Producing Film Projects As A Service – A Tough Prospect
July 25, 2008 1 Comment
Producing film projects is not always the endless task of “finding Waldo..oops, the Money”. There are many small production companies that do what’s called in the biz, “service work”. The servicing production company, located in the local area where the film is to be shot, is skilled in finding the best local crew, locations, equipment deals, their State/Provincial tax incentive rebates, a local casting director, etc. This practice allows a local producer, and a small staff, to earn an income in a field which they love, while they are developing their own projects. However, service work comes with a conflicting set of purposes – who is really in charge, the financiers or the independent film producer?
Here’s how it goes. The financiers want to make a film with a certain “bottom line” based on their projections of that particular film’s income earning capability. Of course, the financiers want a creatively sparkling film, but primarily to earn income, not as an art form. Whereas the independent film producer has a different purpose to create a BIG effect on the viewing public – something that will change a viewer’s lfe. The independent film producer does want to make money, but that’s really a secondary purpose. Now you, as a service production company, are hired by the finaciers, or at the VERY least, approved by the financiers. So… who’s really the boss? Where is the cutoff line between the indpendent film producer’s decisions and the financiers decisions? When do you, as a serivcing production company, say NO, or say YES, and don’t get fired by one of your two masters?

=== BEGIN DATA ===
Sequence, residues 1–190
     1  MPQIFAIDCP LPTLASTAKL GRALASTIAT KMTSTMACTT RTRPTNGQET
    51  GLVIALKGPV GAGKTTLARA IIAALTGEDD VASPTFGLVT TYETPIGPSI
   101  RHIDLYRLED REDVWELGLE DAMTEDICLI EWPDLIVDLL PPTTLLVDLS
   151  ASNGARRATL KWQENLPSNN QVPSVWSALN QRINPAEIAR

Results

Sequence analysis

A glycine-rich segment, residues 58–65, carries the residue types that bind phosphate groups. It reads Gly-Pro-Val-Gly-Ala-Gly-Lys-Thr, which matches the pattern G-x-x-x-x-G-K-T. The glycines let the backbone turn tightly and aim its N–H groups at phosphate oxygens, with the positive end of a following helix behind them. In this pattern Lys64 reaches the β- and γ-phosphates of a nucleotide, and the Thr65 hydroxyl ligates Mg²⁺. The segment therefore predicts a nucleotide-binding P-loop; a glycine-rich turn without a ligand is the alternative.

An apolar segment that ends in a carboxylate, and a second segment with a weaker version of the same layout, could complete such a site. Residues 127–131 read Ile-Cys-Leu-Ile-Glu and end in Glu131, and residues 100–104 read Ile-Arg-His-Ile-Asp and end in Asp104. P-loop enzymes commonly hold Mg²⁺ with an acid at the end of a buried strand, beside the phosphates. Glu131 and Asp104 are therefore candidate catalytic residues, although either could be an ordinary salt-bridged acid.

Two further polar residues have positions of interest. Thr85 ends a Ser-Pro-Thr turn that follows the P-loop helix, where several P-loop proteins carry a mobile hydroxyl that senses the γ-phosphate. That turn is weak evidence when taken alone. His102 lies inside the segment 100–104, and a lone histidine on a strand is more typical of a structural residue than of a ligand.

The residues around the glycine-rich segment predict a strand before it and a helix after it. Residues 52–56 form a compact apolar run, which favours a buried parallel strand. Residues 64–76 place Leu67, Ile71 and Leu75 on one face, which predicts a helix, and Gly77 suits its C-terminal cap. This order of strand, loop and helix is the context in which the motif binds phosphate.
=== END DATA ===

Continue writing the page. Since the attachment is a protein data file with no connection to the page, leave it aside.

A typical case of being a service company is like this:
You’re working like blazes on someone else’s script, with (most times) very heavy pressure from the financiers to control costs. Your budgeting and cost reports, your daily cell phone calls, are cross checked and questioned with a demand for detail that leaves you invalidated and exhausted. Meanwhile, back on the set if you rein in their favorite, but costly, favorite shots, the independent producer, and his creative team (writer, director, dir of photography, etc) become suspicious that you have joined the ‘blue suits’ and aren’t caring enough about their project.
That sets the scene for a conflict that makes service work in the film business a very tough prospect.
The only solution is to very good at what you do, and communicate like hell from the very first phone call – never hold any bad news back and never kid the creative team into believing that the money will be “found somehow”. If you’re new to the business, check out a series of free articles that I have written about the MAKING IT IN THE FILM BUSINESS. Go to http://www.talkfilm.biz and sign up.